In a total area of twenty hectares, they found a large number of mature plants up to six feet tall, many of them showing signs of a recent harvest of raw opium, as well as a nursery growing up thousands more seedlings. The Celendin region of Cajamarca is a national center for opium poppy cultivation due to the good growing conditions, poor access (deterring inspections) and dense cloud cover that hinders detection by aerial and satellite photography. Last year over a million plants were eradicated in the region, but it seems that cultivation is on the rise.

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Talks hope to solve Huanuco coca problem

In 90 days the number of maceration pits, or first level cocaine labs, present in Huánuco will be known exactly, according to regional president Jorge Espinoza. The valleys being inspected will be those of Monzón, Puerto Inca, Yanajanca, and Tingo Maria. This is the first decision to come out of talks started yesterday to solve the problem of violent protest by the region’s coca growers. The dialogue aims to discover which areas are growing coca that finds its way into cocaine production, and which areas are suitable for conversion to alternative crops. 

“We will go with representatives of the Public Defense and the Public Ministry to identify the maceration pits in all of those valleys,” Espinoza told the Andina agency. He added that Agriculture Minister Juan Jose Salazar will be visiting Huánuco on May 22nd to implement a variety of measures aimed to find a definitive solution to the coca problem in the region.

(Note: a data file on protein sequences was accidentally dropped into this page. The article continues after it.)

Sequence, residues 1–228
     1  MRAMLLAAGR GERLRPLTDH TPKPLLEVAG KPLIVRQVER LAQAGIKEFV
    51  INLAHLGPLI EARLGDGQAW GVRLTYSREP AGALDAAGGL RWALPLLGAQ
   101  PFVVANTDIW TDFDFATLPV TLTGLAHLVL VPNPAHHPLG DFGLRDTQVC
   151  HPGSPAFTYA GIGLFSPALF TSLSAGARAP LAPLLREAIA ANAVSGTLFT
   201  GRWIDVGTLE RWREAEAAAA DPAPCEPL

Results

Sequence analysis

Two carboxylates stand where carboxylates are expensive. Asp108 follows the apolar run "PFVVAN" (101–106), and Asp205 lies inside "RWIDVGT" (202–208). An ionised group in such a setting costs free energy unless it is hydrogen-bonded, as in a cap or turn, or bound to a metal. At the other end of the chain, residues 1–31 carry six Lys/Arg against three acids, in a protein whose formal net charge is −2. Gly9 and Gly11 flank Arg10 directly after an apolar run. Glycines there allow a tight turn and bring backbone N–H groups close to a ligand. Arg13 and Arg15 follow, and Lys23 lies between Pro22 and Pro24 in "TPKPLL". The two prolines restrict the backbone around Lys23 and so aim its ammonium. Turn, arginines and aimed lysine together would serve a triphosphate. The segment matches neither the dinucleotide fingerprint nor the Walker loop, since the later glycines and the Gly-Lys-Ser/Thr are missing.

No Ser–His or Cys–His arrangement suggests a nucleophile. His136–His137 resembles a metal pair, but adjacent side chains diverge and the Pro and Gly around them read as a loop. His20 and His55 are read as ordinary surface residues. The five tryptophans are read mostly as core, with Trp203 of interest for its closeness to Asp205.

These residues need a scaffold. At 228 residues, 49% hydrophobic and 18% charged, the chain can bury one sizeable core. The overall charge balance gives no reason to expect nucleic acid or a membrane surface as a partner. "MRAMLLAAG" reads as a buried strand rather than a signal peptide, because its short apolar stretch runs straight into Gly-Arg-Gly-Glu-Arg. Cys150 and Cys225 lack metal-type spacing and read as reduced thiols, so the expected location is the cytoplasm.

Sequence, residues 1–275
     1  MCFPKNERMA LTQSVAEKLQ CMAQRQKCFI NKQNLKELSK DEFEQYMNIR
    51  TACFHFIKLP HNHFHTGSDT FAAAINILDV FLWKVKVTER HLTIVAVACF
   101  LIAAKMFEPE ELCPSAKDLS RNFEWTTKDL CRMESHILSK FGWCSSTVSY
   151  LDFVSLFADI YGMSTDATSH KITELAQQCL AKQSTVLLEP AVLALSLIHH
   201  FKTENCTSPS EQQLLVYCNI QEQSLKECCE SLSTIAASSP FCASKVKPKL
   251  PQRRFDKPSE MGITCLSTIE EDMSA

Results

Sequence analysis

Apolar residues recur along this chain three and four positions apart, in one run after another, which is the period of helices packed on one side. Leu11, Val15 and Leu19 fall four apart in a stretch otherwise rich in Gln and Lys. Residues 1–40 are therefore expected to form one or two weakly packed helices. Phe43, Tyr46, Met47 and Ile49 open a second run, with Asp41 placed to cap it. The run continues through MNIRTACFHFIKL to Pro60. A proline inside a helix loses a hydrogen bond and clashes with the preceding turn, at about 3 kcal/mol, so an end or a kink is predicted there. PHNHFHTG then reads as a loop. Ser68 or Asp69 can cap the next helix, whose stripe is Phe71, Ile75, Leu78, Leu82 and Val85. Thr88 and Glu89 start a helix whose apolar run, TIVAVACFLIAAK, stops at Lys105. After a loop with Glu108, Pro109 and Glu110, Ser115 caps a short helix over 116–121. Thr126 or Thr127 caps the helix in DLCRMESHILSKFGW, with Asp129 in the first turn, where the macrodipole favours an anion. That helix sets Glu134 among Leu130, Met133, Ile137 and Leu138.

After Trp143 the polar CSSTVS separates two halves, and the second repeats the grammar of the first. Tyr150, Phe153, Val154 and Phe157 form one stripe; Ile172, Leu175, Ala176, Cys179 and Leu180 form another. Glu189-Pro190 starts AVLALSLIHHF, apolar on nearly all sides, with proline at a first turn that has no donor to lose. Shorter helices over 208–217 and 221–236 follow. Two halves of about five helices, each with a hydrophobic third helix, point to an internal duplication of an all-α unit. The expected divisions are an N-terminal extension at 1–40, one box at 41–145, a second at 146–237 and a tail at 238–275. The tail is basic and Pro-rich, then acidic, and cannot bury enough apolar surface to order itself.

The agreement signed in Lima that ends the coca growers’ strikes that started on April 26th stipulates talks that will last 90 days. During this time, the aim is to identify the social and economic problems facing coca growers in the region and find solutions based on development initiatives and alternative crops. During the 90 day course of the talks, forced eradication of coca and destruction of maceration pits will continue as planned.

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German tourist arrested with 16kg of cocaine

A German citizen was arrested on Thursday at Lima’s international airport, as he attempted to board a flight to Madrid with 15.9 kilos pure cocaine, according to local police.

The 30-year-old man, identified as Marko Vehit, had hidden the drugs in shampoo bottles and jam jars in his checked luggage.

He told police that he arrived in Lima twelve days ago, and was offered US$8,000 to transport the drugs. His taxi driver, who accompanied him as far as the check in counter, was also arrested.

According to the UN, Peru is now the world’s number two producer of both coca leaf and refined cocaine, with only Colombia producing more.